|From:||Michael Paquier <michael(at)paquier(dot)xyz>|
|To:||Postgres hackers <pgsql-hackers(at)lists(dot)postgresql(dot)org>|
|Cc:||Robert Haas <robertmhaas(at)gmail(dot)com>, Andres Freund <andres(at)anarazel(dot)de>|
|Subject:||Force disable of SSL renegociation in the server|
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Robert has mentioned https://nvd.nist.gov/vuln/detail/CVE-2021-3449 on
the -security list where a TLS server could crash with some crafted
renegociation message. We already disable SSL renegociation
initialization for some time now, per 48d23c72, but we don't prevent
the server from complying should the client wish to use renegociation.
In terms of robustness and because SSL renegociation had its set of
flaws and issues for many years, it looks like it would be a good idea
to disable renegociation on the backend (not the client as that may be
used with older access points where renegociation is still used, per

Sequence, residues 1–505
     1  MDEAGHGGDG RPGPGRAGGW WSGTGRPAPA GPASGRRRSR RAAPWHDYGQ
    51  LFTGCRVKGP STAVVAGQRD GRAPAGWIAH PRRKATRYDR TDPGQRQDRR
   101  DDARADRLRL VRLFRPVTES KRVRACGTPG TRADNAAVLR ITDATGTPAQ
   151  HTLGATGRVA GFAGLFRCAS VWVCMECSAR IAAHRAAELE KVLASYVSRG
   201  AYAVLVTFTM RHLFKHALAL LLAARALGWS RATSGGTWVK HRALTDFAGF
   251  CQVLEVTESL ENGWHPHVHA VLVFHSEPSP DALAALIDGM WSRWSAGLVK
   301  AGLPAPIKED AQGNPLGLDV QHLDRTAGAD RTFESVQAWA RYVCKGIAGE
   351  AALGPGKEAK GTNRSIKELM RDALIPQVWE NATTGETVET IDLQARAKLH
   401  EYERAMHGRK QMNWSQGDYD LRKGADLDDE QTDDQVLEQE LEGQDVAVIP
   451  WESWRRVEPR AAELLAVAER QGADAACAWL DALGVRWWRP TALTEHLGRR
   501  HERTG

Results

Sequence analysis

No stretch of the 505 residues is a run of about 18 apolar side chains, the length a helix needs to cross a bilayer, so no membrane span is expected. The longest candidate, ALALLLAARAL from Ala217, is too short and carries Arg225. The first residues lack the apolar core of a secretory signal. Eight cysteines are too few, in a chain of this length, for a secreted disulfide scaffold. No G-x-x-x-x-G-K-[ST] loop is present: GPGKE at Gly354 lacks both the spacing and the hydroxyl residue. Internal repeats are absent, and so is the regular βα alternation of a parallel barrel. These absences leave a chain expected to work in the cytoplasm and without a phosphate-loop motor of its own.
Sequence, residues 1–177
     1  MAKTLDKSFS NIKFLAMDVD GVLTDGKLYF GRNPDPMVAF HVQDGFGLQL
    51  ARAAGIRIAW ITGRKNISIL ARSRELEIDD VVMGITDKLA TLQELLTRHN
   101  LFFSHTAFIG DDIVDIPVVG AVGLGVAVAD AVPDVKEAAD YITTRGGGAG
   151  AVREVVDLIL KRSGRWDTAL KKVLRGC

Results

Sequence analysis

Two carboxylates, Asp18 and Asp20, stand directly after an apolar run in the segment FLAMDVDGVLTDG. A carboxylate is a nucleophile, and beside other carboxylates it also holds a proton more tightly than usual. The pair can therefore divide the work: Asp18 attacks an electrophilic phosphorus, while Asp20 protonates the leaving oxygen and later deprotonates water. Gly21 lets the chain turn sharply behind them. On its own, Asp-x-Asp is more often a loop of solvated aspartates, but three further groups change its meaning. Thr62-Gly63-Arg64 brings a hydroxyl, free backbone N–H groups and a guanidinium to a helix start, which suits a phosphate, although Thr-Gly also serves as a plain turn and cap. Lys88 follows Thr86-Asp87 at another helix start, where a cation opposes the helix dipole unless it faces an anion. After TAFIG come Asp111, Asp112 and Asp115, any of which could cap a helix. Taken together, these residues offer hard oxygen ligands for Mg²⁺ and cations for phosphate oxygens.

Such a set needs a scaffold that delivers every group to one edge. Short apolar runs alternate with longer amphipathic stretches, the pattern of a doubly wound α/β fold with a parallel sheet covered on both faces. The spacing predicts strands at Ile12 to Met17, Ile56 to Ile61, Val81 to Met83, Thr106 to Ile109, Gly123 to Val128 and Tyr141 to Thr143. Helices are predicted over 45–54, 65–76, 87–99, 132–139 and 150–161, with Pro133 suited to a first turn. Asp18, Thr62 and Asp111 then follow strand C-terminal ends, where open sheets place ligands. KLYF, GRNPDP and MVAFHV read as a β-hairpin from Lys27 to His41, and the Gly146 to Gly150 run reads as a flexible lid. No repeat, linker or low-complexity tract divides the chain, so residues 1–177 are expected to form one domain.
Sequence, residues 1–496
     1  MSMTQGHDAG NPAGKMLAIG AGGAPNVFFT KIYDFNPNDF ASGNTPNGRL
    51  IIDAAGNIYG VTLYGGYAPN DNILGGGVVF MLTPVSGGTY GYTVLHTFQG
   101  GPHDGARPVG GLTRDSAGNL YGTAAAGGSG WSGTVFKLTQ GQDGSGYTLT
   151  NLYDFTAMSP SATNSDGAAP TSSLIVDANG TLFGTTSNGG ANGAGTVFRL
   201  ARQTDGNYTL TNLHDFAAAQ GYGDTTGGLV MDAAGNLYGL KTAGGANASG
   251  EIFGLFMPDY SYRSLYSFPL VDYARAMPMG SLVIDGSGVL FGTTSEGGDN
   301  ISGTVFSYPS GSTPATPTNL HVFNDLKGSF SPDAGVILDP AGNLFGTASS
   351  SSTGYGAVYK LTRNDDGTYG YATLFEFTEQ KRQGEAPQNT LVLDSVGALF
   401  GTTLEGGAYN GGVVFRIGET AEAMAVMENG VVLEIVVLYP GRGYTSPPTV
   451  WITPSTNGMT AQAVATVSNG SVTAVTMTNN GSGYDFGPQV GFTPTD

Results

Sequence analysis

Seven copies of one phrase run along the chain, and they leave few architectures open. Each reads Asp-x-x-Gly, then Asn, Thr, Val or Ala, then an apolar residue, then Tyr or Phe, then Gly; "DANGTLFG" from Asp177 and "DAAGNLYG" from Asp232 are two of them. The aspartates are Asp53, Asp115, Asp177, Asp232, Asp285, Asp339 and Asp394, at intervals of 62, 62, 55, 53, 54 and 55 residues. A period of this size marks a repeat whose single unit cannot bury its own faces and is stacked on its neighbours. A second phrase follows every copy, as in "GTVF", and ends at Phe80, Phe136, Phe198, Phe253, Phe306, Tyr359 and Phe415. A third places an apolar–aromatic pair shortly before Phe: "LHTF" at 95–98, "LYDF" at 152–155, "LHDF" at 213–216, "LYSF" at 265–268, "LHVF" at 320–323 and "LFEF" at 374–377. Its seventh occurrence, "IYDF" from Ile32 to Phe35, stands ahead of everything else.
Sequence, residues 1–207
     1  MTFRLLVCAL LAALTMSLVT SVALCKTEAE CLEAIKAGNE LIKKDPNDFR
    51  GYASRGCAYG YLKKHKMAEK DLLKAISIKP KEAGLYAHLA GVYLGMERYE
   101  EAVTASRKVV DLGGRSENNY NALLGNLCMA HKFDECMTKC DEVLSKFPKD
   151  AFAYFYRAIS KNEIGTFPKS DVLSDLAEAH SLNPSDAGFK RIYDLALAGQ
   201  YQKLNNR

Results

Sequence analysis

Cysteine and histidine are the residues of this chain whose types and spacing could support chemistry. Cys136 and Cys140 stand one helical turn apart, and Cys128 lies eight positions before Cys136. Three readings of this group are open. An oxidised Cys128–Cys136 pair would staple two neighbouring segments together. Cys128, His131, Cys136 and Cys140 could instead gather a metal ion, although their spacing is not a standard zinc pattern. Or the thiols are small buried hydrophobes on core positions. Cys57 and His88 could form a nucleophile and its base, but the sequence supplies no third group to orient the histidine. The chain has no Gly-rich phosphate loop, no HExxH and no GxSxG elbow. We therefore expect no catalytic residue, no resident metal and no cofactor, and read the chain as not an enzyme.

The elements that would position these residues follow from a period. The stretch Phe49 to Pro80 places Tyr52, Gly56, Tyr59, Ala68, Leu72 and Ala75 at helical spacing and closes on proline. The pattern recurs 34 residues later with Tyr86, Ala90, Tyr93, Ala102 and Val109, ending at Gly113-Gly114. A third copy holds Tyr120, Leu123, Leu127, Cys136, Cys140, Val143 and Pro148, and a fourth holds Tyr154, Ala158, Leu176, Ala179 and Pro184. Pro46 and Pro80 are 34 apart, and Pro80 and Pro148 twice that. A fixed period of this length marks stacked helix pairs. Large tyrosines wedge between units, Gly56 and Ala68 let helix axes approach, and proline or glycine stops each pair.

an argument from Andres).
In flavor, this is controlled in a way similar to
SSL_OP_NO_COMPRESSION that we already enforce in the backend to
disable SSL compression. However, there are a couple of compatibility
tweaks regarding this one:
- SSL_OP_NO_RENEGOTIATION controls that. It is present in OpenSSL >=
1.1.1 and has been backported in 1.1.0h (it is not present in older
versions of 1.1.0).
- In 1.0.2 and older versions, OpenSSL has an undocumented flag called
SSL3_FLAGS_NO_RENEGOTIATE_CIPHERS, able to do the same as far as I
Attached is a patch to use SSL_OP_NO_RENEGOTIATION if it exists, and
force that in the backend. We could go further down, but using
undocumented things looks rather unsafe here, to say the least. Could
there be a point in backpatching that, in light of what we have done in
48d23c72 in the past, though?
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